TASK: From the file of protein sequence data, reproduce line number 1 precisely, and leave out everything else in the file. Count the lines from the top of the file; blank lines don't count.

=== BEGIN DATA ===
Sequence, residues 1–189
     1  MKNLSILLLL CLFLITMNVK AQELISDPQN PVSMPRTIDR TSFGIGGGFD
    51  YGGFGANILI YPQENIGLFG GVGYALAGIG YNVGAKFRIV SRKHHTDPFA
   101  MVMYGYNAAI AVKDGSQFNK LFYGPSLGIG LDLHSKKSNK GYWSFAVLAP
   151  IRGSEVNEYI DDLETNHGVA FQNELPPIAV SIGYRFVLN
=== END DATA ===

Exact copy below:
Sequence, residues 1–189